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By Edward J. Hawkins II
Organizations trust security and cybersecurity professionals to protect their information assets from myriad threat actors and vulnerabilities. But if an organization’s leaders do not understand their internal security environment, they could be bowled over by technical jargon.
Also, they may lend support to some pet project or some new development in the world of technology. However, this practice can lead to unforeseen negative effects. There will always be something new in cybersecurity, but it might have unintended effects or vulnerabilities.
When Security Increases, Functionality Decreases
The goal is to balance a fundamental understanding of cybersecurity with the diametrically opposed relationship between security and functionality. In other words, when security is increased, functionality decreases and vice versa.
It is critical to balance the relationship between improving security and maintaining critical functions while maintaining a secure environment at the same time. Consistent analysis of that security environment is a necessity.
Analyzing Normal Activity for an Organization’s Information Systems
Ideally, organizations should understand what is normal for their information systems over the course of one year. This length of time captures:
- Highs and lows of information system utilization
- Dominant protocols
- Frequency of events (e.g. daily, weekly, monthly, quarterly, etc.)
A shorter analytic period might miss a high-volume event and cascade into a potential security event related to an “abnormally” high volume of network traffic. In his 2004 book, “The Tao of Network Security Monitoring,” information security expert Richard Bejtlich showed how a network protocol allows an everyday user to access his or her favorite website in an abnormal manner without having to remember the Internet protocol (IP) address. In that example, the domain name service (DNS) was used to tunnel BitTorrent files and potentially bypass some security mechanism.
By gaining a level of understanding of what is normal for an organization’s information systems, it is easier to detect what is abnormal and needs investigation. Also, this knowledge allows organizations to balance their risk acceptance with security measures such as firewalls, intrusion detection and prevention systems (IDPS), access control policies, and other technical and administrative measures.
Different Ways to Analyze Operating System Activity
There are two common approaches to apply security controls to an organization:
- Lock down the entire computer system and wait to see what system activity happens.
- Leave the system open and observe what events occur.
Both these approaches have their positive and negative aspects. For example, the concept of locking everything down so tightly that it becomes difficult for workers to do their jobs is based on the “least privilege” principle. That means granting workers only the minimum access to privileges necessary to perform their jobs.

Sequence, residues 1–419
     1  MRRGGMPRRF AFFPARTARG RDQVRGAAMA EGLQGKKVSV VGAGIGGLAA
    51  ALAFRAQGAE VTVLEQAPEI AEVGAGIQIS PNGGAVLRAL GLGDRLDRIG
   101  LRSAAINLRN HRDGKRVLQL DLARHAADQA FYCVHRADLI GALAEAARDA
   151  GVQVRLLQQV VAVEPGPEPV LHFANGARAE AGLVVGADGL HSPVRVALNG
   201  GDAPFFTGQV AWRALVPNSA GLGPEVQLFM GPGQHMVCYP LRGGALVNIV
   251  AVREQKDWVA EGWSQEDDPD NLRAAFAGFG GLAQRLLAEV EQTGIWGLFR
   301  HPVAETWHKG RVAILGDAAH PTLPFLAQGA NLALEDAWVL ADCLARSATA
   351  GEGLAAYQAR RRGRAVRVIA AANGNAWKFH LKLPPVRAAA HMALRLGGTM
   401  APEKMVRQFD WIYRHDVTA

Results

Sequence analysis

However, this method allows cybersecurity staff to examine why workers need that access or those privileges. The answers will determine justification for or denial of access. In either case, justification for that finding should be provided to workers in writing.
The system-open-and-watch method, on the other hand, allows the monitoring of user activity for behaviors that might run counter to organizational policies. While there may not be any complaining from the workers about their new level of access, it might be possible to identify various forms of institutional fraud as organizational controls are tightened.
Organizations Need to Properly Balance Functionality and Security
Organizational cybersecurity needs to reach the point where its level of effectiveness maintains the proper balance between functionality and security. It is also critical to be aware of personal feelings toward creating this balance. That awareness will determine whether security or functionality is favored. If an organization is unable to determine its stand in the functionality-security equation, then an unbalanced security environment with cascading effects may be created.
Finding this balance for an organization is a long process and no easy task, but it is worthwhile. Over time, the continuous monitoring and analysis of a cyber environment and biases lead to a more secure environment. If either extreme dominates, it becomes impossible to know what is going on in an organization’s cybersecurity environment.
About the Author
Edward J. Hawkins II is a graduate of AMU with a Master of Science in Information Technology with a concentration in Information Assurance and Security and a Graduate Certificate in Digital Forensics. Edward is a former Navy Information System Technician First Class Petty Officer. He also holds numerous certifications in information technology systems. Reach out to Ed on LinkedIn.